The PM10, or particulate matter, data for Belagavi shows that where the National Ambient Air Quality Standards should have been 60, the air we breathe in Belagavi has 89 PM10 levels. The WHO standard is far lower at 20.
This Airpocalypse report is the fourth version in the series of Airpocalypse reports published annually by Greenpeace India since January 2017.
The current version of the report “Airpocalypse-IV” analyses and discusses the data compiled by CPCB from NAMP network collecting air quality data for 745 stations across the country in 2018 and compared that to the NAAQS and cities notified as non-attainment under NCAP. The report also highlights specific actions to be taken by Governments and the public in order to move towards Clean air Nation and breathable air quality throughout the country.
The report stated that Bengaluru, Raichur, Belagavi, Tumakuru, Kolar, Vijayapura, Hubballi, Dharwad and Bagalkot are heavily polluted as the deadly particulate matter 10 (PM10) levels are way higher than the prescribed 60 micrograms under quality standards.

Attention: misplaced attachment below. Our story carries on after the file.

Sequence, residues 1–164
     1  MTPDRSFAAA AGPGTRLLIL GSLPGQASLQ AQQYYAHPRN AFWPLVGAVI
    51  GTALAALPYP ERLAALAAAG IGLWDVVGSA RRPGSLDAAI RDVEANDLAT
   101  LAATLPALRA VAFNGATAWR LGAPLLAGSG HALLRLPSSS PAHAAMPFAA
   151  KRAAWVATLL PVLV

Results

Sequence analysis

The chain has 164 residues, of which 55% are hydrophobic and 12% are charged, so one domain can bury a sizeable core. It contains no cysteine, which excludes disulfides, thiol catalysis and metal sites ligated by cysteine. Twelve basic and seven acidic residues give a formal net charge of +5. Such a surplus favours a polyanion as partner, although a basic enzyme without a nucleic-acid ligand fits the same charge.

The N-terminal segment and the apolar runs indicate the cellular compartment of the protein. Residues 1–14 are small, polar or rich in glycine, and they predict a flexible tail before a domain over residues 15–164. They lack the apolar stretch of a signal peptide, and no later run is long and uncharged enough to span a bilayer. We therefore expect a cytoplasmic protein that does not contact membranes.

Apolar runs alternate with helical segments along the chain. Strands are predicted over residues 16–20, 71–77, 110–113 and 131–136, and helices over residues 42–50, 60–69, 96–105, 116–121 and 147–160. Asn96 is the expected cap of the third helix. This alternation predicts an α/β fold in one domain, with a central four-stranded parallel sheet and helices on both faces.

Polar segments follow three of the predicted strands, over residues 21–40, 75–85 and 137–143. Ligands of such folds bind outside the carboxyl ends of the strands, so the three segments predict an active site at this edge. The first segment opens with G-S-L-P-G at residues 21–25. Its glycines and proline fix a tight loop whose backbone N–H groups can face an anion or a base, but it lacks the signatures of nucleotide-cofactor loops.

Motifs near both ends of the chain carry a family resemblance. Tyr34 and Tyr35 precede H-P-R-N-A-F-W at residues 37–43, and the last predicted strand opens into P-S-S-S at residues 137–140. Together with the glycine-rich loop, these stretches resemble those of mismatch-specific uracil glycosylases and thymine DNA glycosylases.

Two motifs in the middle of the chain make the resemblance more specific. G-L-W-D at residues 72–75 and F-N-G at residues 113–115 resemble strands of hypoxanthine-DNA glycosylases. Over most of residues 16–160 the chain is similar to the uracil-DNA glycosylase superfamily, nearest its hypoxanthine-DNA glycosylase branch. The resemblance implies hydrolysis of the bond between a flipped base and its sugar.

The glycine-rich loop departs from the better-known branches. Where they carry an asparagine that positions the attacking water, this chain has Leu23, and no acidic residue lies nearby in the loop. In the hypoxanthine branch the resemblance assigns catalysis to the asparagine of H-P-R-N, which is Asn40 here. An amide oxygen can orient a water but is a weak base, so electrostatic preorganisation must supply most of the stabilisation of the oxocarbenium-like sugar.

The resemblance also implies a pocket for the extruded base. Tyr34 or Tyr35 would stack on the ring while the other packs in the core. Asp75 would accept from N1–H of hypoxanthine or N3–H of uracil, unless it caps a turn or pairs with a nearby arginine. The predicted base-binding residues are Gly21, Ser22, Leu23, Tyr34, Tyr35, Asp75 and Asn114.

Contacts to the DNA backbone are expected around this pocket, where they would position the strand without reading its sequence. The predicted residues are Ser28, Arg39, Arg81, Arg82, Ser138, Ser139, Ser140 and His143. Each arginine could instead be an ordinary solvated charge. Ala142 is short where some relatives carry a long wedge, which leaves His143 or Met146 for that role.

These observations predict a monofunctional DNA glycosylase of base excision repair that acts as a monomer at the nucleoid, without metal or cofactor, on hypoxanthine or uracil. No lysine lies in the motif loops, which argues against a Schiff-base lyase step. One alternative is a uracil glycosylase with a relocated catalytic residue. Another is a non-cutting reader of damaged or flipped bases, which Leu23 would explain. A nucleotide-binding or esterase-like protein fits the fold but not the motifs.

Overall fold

In January 2019, the Ministry of Environment Forests and Climate Change (MoEFCC), released the first ever NCAP for the country. Under this programme, cities are expected to reduce their air pollution levels by 20-30 percent by 2024 over the 2017 levels. Belagavi is however not included in this list.
Every single day, we breathe polluted air way beyond permissible standards for our health. Several reports had been published over the years about the abysmal state of air pollution in the country. The latest Greenpeace report also mentions the same.
For those who do not understand the different levels of pollution: Visible smoke is comprised of particles of PM10 size or larger. The particles with the greatest health effects are those within the “respirable range”, that is between PM10 and PM0.1. The respirable range contains particles that can penetrate deep into the lungs and deposit there; particles smaller than PM0.1 are usually exhaled. Fine and ultra fine particles (PM2.5 and PM 0.1) are not visible to the eye (2.5 microns is approximately 1/30th the size of a human hair). 1.6 Million more people die due to air pollution in India and China according to Greenpeace, India.